Management and Organisation


Recent Submissions

  • Hanken School of Economics, Information Systems Science, Helsinki; Widenius, Michael (Monty); Nyman, Linus; (Talent First Network, 2015)
  • Sorsa, Ville-Pekka (Wiley-Blackwell Publishing Ltd., 2015-11-16)
    Over the last few decades, the boundary between public and private responsibility in old-age pension provisions has been redrawn throughout Europe. A new, public–private mix has emerged, not only in pension policy, but also in pension administration. The purpose of this article is to map and conduct a comparative analysis of the administrative design of public–private partnerships (PPPs) in European pension regimes, with a specific focus on how accountabilities are institutionally enforced within the PPP design. Previous literature has recognized accountability as an important factor in promoting trust in mandated pension schemes. However, as the literature on PPPs suggests, institutional arrangements of accountability are more complex in the case of PPPs than has been suggested by previous studies on pension administration. Thus, there is a need for further elaboration of existing comparative models. This study's analysis examines 19 old-age pension schemes that existed in 18 European countries at the beginning of 2013. The findings suggest that significant variations in accountability structures exist, even among schemes that are similar in terms of their pension policy targets. It is concluded that various schemes suffer from ineffective accountability structures that may compromise the legitimacy and sustainability of PPP-type pension schemes.
  • Laakso, Mikael; Kere, Juha (Tieteellisten Seurain Valtuuskunta, 2015)
  • Jewkes, Rachel; Morrell, Robert; Hearn, Jeff; Lundqvist, Emma; Blackbeard, David; Lindegger, Graham; Quayle, Michael; Sikweyiya, Yandisa; Gottzén, Lucas (Routledge; International Association for Study of Sexuality, Culture and Society, 2015)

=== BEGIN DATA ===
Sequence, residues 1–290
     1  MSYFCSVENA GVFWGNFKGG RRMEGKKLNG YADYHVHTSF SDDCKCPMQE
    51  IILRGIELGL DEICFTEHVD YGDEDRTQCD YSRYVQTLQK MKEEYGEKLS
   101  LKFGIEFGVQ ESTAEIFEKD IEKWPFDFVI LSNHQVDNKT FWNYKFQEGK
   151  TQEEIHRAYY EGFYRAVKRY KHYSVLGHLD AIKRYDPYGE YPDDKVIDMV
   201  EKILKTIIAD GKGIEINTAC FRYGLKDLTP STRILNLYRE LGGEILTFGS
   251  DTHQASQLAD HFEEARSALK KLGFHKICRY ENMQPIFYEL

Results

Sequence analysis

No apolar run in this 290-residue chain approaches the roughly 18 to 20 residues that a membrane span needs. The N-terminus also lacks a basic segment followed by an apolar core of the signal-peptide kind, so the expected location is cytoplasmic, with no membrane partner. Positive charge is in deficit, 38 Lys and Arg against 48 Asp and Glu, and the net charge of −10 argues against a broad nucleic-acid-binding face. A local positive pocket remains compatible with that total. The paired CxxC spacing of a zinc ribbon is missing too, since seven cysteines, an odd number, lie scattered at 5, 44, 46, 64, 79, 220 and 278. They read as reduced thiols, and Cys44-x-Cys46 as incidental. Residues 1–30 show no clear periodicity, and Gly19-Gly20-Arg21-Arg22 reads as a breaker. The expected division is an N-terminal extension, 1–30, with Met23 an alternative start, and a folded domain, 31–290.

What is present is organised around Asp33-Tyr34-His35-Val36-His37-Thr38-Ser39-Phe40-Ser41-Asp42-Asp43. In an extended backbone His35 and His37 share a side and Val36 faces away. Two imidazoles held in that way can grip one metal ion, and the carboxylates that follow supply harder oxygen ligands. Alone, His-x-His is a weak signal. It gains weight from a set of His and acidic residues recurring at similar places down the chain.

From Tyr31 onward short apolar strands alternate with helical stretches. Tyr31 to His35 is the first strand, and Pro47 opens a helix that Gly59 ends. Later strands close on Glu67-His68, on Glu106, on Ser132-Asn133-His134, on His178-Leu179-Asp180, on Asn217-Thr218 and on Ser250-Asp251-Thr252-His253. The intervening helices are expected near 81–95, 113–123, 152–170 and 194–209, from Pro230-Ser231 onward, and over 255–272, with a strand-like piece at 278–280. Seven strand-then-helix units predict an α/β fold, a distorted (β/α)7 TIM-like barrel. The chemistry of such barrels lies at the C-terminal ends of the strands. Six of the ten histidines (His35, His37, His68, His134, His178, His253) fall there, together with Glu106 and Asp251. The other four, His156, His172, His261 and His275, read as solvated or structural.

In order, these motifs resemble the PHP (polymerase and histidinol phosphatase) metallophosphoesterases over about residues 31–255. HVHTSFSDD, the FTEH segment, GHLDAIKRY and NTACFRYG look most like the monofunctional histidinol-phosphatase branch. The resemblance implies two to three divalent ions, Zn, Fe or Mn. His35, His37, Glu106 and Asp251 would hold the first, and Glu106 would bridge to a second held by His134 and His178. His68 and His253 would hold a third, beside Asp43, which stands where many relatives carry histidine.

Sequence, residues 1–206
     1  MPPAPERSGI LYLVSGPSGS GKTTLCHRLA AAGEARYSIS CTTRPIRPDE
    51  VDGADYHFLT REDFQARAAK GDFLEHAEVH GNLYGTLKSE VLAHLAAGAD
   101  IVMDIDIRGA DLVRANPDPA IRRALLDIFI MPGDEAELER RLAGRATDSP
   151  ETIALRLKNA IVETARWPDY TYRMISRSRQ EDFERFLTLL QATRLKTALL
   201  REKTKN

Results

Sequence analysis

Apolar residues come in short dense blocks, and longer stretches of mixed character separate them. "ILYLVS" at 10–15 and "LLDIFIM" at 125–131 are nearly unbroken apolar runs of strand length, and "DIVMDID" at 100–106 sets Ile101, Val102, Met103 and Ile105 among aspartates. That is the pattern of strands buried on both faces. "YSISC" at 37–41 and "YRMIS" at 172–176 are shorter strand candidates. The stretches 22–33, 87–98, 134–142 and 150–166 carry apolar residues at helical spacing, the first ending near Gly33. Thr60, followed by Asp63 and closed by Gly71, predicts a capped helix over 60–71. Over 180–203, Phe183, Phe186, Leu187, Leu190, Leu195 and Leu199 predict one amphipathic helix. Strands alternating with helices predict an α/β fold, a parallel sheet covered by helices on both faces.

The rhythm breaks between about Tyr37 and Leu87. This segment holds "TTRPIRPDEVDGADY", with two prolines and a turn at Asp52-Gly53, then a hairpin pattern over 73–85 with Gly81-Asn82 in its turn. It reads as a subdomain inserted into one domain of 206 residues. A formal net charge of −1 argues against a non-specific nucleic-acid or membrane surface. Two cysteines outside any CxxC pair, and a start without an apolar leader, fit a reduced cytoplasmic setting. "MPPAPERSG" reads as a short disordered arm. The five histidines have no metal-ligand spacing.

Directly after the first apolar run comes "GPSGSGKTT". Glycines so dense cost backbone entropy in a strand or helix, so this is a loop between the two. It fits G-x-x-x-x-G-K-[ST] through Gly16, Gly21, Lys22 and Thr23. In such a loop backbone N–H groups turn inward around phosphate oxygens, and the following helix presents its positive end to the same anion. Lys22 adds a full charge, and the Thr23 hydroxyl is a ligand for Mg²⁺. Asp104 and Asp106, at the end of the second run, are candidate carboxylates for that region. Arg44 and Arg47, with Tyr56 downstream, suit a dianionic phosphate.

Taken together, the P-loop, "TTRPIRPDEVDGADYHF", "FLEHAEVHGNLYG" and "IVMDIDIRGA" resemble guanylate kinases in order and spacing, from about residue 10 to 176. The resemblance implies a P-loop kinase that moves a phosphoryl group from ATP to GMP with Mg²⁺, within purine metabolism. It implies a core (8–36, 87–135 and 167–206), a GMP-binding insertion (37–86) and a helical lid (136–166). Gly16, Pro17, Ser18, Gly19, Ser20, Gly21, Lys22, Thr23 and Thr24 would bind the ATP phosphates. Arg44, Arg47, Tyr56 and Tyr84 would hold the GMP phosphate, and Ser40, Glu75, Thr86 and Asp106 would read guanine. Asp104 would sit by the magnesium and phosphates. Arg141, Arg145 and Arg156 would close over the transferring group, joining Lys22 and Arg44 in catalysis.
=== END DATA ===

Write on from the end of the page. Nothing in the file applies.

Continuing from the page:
• Laakso, Mikael (University of Helsinki, 2015)
    Engagement in learning activities enhance the level of learning among students. However, when class sizes grow, such engagement can be difficult to achieve. The learning methods that work well in small classes might not work as well, or even be practically feasible, in large lecture halls. When students remain anonymous and cannot be given individual attention there is a challenge in ensuring high quality learning. In an attempt to address this challenge, the study explores ways to pro- mote active learning in the context of large lecture classes. Based on a review of the fundamentals of active learning in the literature, this article presents a range of methods that can be used to facilitate active learning among students in larger classes. Concluding the article is a description of a practical implementation where some of the suggested learning activities are applied and discussed in the context of an actual university course at the Hanken School of Economics taught by the author.
  • van Wijk, Jakomijn J.; Stam, Wouter; Elfring, Tom; Zietsma, Charlene; den Hond, Frank (Academy of Management, 2013)
  • Turcotte, Marie-France; Reinecke, Juliane; den Hond, Frank (Walter de Gruyter, 2014)